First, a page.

Mike Doughty: Circles Super Bon Bon… – album review
Mike Doughty – Circles Super Bon Bon Sleepless How Many Cans? True Dreams of Wichita Monster Man Mr. Bitterness Maybe I’ll Come Down St. Louise Is Listening I Miss the Girl Unmarked Helicopters The Idiot Kings So Far I Have Not Found the Science (Snack Bar / Hornblow Recordings).
CD and DL
Release Date: Out Now
Ex Soul Coughing man Mike Doughty has gone back to his old band’s material to reimagine it for the present day. Simon Tucker checks out the results.
Mike Doughty‘s new work is fanbase funded via PledgeMusic.com, the songs on the album are now, as the accompanying press release states, “as I meant them to be when I wrote them” and have a fuller sound incorporating more of the textures and rhythms of techno, drum and bass, and big beat music. However, don’t go expecting some Ram Records slammer, Kompakt trance-out, or Chemical Brothers fist-pump dancefloor monster. The songs are, basically, the same but with little flourishes of the aforementioned genres.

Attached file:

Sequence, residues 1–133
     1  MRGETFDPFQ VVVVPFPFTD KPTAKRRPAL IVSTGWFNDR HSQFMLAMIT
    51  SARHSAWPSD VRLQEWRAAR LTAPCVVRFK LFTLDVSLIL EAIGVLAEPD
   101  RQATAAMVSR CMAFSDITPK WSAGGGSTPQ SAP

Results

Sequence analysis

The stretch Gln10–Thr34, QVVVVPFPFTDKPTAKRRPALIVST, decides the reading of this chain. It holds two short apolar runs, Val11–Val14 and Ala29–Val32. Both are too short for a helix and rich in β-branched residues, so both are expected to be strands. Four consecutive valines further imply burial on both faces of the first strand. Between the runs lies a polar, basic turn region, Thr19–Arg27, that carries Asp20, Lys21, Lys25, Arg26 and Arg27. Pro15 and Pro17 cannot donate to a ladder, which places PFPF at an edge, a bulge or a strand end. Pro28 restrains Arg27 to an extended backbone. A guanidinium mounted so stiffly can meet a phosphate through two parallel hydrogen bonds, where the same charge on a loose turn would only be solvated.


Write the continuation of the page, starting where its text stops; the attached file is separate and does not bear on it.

Sleepless… doesn’t really feel like a modern album at all. In fact, it still resembles the period in the nineties when the original songs were released. Remember when the charts were full of Fun Lovin Criminals, Sixpence None The Richer, and *shudder* New Radicals? Tracks like Super Bon Bon and The Idiot Kings have gained no new relevance or innovation in this new guise with some sub-par Check Your Head-era Beastie Boys riffing and Finley Quaye alt-soul.
There are some little pockets within the songs that give you hope like the two step shuffle and double bass playing (by Catherine Popper) on Sleepless and the down and out funk of Mr. Bitterness but these are marred by tracks like Monster Man and Maybe I’ll Come Down which you expect Kid Rock to appear on any minute (the latter) and make you dive for your Eels records (the former).
Good Goose’s production on the album is good and the layers of vocal samples and of barking dogs add some depth to the album and giving the ears at least a little something to grab onto and investigate.
There’s no doubt that this album will please the already converted (the fact that the funding goal was reached within sixteen hours of launching says that Mike has a very loyal and broad audience) and fans of that time in musical history. Unfortunately, those looking for an up to date album with a writer rediscovering the muse that served them well in the past may be disappointed.